The Dutch East India Company (Verenigde Oostindische Compagnie (VOC)) was founded in 1602 as a State Trading Company with a monopoly of trade between the Netherlands and the East. This monopoly was set up because of the dangers and difficulties of such long-distance trade at the time: the company had to have powers to build fortifications, found and manage trading posts, run a large standing army with all its necessary ancillary facilities, sign binding treaties, occupy and defend land, and conduct trade. All this required the support of a formal State monopoly. Other nations, including Britain, Sweden and Denmark, set up similar State Trading Companies with monopolies of trade.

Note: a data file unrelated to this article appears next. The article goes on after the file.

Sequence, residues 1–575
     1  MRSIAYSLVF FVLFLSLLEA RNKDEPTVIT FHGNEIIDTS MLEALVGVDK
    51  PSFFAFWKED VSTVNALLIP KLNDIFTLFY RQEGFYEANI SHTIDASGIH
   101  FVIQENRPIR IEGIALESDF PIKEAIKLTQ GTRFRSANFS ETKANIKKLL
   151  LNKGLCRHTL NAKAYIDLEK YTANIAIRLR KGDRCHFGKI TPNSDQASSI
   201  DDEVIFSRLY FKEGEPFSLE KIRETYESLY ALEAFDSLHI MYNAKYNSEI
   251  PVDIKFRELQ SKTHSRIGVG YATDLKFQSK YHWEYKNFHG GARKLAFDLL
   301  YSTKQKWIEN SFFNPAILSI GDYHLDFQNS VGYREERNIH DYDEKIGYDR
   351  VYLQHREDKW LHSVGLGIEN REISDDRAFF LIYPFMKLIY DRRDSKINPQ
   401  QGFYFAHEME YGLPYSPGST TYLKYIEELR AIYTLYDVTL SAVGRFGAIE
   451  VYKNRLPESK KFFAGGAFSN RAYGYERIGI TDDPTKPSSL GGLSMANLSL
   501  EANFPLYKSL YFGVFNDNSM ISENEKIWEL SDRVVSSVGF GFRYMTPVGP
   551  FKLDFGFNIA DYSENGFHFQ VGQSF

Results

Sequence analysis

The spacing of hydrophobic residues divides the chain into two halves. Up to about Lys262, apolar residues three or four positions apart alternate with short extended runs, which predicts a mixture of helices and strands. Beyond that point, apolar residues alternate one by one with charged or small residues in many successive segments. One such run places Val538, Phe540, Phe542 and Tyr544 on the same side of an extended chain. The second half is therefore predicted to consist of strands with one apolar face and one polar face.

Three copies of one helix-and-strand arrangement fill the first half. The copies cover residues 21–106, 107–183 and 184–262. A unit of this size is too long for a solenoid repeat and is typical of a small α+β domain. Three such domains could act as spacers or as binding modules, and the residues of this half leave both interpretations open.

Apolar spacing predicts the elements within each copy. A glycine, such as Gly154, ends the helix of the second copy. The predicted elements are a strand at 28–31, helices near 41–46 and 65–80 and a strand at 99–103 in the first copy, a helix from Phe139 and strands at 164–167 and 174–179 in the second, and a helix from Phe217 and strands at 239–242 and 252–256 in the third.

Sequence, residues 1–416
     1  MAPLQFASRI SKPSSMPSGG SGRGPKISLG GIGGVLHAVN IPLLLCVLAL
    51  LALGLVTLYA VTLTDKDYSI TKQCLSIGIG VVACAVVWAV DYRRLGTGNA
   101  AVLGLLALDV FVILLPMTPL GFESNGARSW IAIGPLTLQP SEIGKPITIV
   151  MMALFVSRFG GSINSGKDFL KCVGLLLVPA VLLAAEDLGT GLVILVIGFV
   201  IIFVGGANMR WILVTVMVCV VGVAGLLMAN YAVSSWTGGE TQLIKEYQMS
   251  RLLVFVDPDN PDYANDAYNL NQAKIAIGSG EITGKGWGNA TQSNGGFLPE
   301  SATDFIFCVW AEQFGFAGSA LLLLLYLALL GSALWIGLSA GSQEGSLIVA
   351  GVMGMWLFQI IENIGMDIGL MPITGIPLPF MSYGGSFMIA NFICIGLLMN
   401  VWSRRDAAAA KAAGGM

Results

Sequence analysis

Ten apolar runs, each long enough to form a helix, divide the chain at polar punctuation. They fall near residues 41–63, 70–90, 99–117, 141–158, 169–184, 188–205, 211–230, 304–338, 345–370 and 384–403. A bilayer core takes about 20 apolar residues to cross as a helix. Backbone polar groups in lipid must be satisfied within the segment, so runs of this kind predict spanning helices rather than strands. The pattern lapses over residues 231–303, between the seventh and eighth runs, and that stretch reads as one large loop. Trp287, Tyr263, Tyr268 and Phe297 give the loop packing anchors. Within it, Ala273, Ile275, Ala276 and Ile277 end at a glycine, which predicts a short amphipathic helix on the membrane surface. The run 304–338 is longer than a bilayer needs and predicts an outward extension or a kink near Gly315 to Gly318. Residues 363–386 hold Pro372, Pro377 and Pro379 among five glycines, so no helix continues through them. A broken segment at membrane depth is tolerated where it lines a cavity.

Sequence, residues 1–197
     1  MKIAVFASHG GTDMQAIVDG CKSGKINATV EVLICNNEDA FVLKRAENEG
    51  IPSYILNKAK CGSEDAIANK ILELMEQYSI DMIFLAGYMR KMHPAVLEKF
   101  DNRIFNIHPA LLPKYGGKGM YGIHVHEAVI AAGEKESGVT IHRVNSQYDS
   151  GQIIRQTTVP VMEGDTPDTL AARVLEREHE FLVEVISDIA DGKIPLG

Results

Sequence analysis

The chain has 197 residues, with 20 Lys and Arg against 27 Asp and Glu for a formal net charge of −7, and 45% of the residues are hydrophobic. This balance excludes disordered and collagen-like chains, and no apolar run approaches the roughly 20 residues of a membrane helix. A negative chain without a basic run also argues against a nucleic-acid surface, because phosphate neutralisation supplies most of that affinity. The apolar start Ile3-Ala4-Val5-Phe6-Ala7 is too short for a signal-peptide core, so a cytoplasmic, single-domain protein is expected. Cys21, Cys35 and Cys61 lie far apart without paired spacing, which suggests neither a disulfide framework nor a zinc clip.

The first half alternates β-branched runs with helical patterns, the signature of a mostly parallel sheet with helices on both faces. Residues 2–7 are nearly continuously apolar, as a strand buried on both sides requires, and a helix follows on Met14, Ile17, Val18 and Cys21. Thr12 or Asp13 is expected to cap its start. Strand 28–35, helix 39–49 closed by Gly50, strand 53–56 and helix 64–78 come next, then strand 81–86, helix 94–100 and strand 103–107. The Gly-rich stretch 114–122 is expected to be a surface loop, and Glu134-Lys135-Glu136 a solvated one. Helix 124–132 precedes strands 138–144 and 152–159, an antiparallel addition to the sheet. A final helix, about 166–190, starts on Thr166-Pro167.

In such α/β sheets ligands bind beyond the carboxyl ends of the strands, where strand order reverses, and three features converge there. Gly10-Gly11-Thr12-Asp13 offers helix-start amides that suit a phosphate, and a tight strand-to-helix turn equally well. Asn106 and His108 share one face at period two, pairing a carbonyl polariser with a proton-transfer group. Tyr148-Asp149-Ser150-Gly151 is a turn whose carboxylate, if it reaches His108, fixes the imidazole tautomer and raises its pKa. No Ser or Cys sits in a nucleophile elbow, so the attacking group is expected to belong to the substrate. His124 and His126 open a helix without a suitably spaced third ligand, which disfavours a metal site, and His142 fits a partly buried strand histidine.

The VOC, the largest trading company in Asia, had sent almost a million Europeans to work in Asian trade on 4,755 ships that dealt with more than 2.5 million tons of Asian trade goods. It managed its affairs in a highly bureaucratic way with a Board of Directors in Amsterdam, a Governor-General in Batavia (today's Jakarta) and Governors in each trading post. At every level every action had to be recorded, and copies sent to the higher-level authorities. Although many documents have been lost, surviving VOC documents in the various archives where they are preserved run to over 25 million pages. They cover trade in extensive detail and include daily and annual reports on the political, social, economic, cultural, religious and geographical aspects of the local areas, even meteorological reports. The VOC archives are by far the fullest collection of material relating to early trade between Europe and the East, and they are vital for the early history of many of the areas where the VOC operated. The condition of the documents differs from area to area. The VOC was wound up in 1795 during the Napoleonic Wars, but during its 193 years of existence it was of critical world importance. Its magnificent surviving archives are of equal significance. The collection was inscribed on the International Memory of the World Register in 2003.